Ben Nevis attracts an estimated 125,000 complete and a further 100,000 partial ascents per year, most of which are made by walkers using the well-
The summit, at 1,344 metres (4,408 ft) above sea level, unusually for a mountain in Scotland, features the ruins of a building, an observatory, which was permanently staffed from 1883 until it's closure in 1904.
The Origins of the Name
The name, 'Ben Nevis,' is from the Gaelic, 'Beinn Nibheis.' While 'beinn' is a common Gaelic word for 'mountain' the word 'nibheis' is understood to have several meanings and is commonly translated as 'malicious' or 'venomous' therefore giving the meaning of 'Venomous (or malicious) mountain.'
Another interpretation of the name Ben Nevis, is that it derives from beinn nèamh-
Ben Nevis THE ROUTE :
At 1344 metres (4408 feet), Ben Nevis is the highest peak in Britain.
Ben Nevis (Scottish Gaelic: Beinn Nibheis) is the highest mountain in the British Isles. It is located at the western end of the Grampian Mountains in the Lochaber area of Scotland, close to the town of Fort William and is affectionately known as 'The Ben.'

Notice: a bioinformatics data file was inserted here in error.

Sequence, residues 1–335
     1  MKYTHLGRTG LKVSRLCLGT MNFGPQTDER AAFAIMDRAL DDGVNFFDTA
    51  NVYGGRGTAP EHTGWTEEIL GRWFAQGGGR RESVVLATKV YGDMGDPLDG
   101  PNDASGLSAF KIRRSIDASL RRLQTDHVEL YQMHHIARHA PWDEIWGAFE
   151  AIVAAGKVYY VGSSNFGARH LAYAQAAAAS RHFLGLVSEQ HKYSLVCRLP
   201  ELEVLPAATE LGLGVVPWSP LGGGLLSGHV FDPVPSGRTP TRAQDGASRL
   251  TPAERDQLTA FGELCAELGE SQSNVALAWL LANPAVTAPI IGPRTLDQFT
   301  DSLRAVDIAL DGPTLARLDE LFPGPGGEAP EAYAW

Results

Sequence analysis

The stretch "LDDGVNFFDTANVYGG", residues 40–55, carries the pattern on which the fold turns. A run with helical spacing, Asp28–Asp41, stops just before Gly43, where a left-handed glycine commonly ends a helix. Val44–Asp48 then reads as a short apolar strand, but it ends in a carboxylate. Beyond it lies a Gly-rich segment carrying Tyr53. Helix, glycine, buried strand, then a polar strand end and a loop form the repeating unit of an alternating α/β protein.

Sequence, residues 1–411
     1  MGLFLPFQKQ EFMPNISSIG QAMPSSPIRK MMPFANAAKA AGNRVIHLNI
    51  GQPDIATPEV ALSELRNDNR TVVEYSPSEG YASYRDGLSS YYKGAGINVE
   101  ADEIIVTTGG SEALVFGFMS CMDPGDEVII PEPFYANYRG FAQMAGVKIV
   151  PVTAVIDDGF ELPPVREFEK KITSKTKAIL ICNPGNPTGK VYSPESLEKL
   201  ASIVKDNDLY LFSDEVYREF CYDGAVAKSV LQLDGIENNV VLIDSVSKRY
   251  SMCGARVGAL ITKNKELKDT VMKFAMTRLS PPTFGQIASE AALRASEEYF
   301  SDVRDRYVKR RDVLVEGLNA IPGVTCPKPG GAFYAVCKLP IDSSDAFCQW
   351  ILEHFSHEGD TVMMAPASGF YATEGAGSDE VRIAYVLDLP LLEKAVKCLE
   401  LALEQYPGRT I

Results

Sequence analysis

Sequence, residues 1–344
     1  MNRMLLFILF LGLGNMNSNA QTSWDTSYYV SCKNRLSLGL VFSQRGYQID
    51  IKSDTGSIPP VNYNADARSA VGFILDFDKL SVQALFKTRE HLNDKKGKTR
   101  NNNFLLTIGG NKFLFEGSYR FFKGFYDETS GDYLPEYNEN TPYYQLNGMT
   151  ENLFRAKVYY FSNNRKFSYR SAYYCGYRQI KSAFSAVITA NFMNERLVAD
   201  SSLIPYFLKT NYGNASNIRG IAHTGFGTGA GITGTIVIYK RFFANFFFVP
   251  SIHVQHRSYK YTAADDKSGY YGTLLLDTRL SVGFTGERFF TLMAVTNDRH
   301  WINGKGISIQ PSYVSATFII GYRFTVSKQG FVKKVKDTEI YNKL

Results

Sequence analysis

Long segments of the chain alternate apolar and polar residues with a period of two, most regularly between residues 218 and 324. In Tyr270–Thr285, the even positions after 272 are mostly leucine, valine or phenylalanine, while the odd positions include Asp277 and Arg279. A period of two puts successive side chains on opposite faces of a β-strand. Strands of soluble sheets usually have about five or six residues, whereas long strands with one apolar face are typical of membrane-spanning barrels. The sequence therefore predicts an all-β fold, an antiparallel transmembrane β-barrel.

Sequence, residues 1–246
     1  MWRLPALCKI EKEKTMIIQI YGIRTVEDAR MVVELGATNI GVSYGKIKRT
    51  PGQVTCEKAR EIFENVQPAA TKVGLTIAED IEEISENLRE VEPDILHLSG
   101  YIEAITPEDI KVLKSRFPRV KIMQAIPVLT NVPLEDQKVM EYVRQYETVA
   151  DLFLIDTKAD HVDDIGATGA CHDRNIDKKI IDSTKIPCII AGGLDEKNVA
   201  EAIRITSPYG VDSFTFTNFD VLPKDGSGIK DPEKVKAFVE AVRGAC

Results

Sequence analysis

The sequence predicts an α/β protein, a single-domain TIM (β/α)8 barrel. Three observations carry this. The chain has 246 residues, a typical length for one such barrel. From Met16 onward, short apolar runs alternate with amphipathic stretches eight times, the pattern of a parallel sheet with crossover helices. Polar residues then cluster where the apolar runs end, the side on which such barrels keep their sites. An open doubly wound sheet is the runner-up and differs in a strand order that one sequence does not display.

Ben Nevis, Scotland
The track up Ben Nevis commonly referred to as the 'Tourist Route,' the 'Tourist Track' or the 'Pony Track' is in fact the old access route to the now ruined Observatory and was designed as a rough bridle path for ponies.
It was properly designated as the 'Mountain Track' around 2004 in order to move away from what was considered the misleading title of 'Tourist Route' as it was felt that the latter persuaded the unwary that the route to the top of the mountain often experiences what is arguably the fiercest mountain weather conditions in Scotland. This route can be a challenging walk and is definitely not suitable for a spur of the moment ascent. Visitors must be properly prepared!
The Mountain Track to the summit (also known as the Ben Path, the Pony Track or the Tourist Route) remains the simplest and most popular route of ascent. It begins at Achintee on the east side of Glen Nevis about 2 km (1.5 miles) from Fort William town centre, at around 20 metres above sea level.
Bridges from the Visitor Centre and the youth hostel now allow access from the west side of Glen Nevis.
The track climbs steeply via several small zig-
It is well-